At the outset of the Depression, Saskatoon initiated a series of "work for wages" schemes designed to provide its residents with work. Financed by all three levels of government but implemented entirely at the municipal level, the work relief projects enjoyed early success in keeping urban unemployment within at least manageable levels. But work relief's effectiveness in dealing with urban unemployment proved largely dependent on the duration and relative severity of the economic downturn. Between 1929 and 1932, most viewed the Depression as a temporary anomaly, a short-term emergency requiring no more than short-term emergency measures. But after 1932, after nearly three years of worsening social conditions coupled with increasing numbers of unemployed, the characterization of the economic situation as a short-term emergency foundered-the Depression had become a long-term crisis. By the spring of 1932, the federal and provincial abandonment of public works in favour of the cheaper, more efficient direct relief marked this change in perception.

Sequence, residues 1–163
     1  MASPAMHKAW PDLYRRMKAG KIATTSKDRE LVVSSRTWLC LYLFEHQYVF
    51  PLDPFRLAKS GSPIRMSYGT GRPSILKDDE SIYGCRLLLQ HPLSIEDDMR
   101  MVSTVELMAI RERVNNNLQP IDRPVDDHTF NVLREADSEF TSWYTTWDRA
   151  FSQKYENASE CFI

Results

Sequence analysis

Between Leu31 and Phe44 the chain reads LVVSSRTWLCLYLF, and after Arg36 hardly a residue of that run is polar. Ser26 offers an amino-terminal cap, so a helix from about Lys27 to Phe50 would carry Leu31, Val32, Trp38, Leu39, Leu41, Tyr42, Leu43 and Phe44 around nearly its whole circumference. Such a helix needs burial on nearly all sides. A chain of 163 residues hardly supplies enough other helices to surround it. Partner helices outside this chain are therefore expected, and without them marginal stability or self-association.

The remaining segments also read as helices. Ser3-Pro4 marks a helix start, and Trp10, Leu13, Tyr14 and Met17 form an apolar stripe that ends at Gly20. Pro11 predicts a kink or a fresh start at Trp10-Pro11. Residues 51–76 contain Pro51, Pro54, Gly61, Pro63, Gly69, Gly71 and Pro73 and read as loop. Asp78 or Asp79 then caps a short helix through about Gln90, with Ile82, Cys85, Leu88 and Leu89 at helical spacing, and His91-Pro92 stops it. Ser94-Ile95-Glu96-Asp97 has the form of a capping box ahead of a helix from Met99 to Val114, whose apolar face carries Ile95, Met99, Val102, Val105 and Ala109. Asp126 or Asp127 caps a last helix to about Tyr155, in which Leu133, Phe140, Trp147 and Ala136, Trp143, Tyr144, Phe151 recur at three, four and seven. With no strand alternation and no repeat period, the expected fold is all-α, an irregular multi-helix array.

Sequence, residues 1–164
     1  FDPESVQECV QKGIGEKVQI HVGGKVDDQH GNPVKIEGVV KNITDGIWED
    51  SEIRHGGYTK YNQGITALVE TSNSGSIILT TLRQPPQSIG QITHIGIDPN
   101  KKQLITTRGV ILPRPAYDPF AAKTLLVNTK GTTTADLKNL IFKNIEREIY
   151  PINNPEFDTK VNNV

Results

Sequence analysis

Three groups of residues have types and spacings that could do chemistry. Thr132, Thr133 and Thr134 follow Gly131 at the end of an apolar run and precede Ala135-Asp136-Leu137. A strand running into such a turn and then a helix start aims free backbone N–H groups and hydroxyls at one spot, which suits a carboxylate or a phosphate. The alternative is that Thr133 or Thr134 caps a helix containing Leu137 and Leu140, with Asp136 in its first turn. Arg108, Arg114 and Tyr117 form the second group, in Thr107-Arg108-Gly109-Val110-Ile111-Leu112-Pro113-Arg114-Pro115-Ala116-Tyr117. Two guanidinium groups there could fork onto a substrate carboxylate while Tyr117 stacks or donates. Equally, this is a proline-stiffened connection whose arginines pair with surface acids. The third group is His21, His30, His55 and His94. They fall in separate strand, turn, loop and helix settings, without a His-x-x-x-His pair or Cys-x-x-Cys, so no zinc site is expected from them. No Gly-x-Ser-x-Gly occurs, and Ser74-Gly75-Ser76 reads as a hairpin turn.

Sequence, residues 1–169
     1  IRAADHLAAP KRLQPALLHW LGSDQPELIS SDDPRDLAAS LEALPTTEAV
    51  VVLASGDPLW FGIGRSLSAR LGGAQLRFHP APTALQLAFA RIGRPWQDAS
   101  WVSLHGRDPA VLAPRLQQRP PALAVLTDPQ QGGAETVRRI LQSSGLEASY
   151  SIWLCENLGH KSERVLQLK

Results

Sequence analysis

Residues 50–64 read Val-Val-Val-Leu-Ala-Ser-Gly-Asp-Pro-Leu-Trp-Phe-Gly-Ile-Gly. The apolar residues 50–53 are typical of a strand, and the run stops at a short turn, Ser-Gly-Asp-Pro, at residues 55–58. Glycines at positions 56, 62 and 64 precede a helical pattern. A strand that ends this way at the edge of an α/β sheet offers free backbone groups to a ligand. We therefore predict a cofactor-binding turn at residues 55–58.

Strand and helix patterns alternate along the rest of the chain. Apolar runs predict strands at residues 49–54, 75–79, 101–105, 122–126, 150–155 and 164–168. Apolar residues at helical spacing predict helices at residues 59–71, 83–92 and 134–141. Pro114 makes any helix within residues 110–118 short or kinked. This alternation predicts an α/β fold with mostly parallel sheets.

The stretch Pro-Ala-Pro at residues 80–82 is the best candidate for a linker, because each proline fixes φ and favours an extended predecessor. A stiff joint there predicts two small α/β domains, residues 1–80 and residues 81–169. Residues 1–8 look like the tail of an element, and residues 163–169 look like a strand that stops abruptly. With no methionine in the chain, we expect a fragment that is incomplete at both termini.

|Number of pages||18|
|Publication status||Published - Sep. 2001|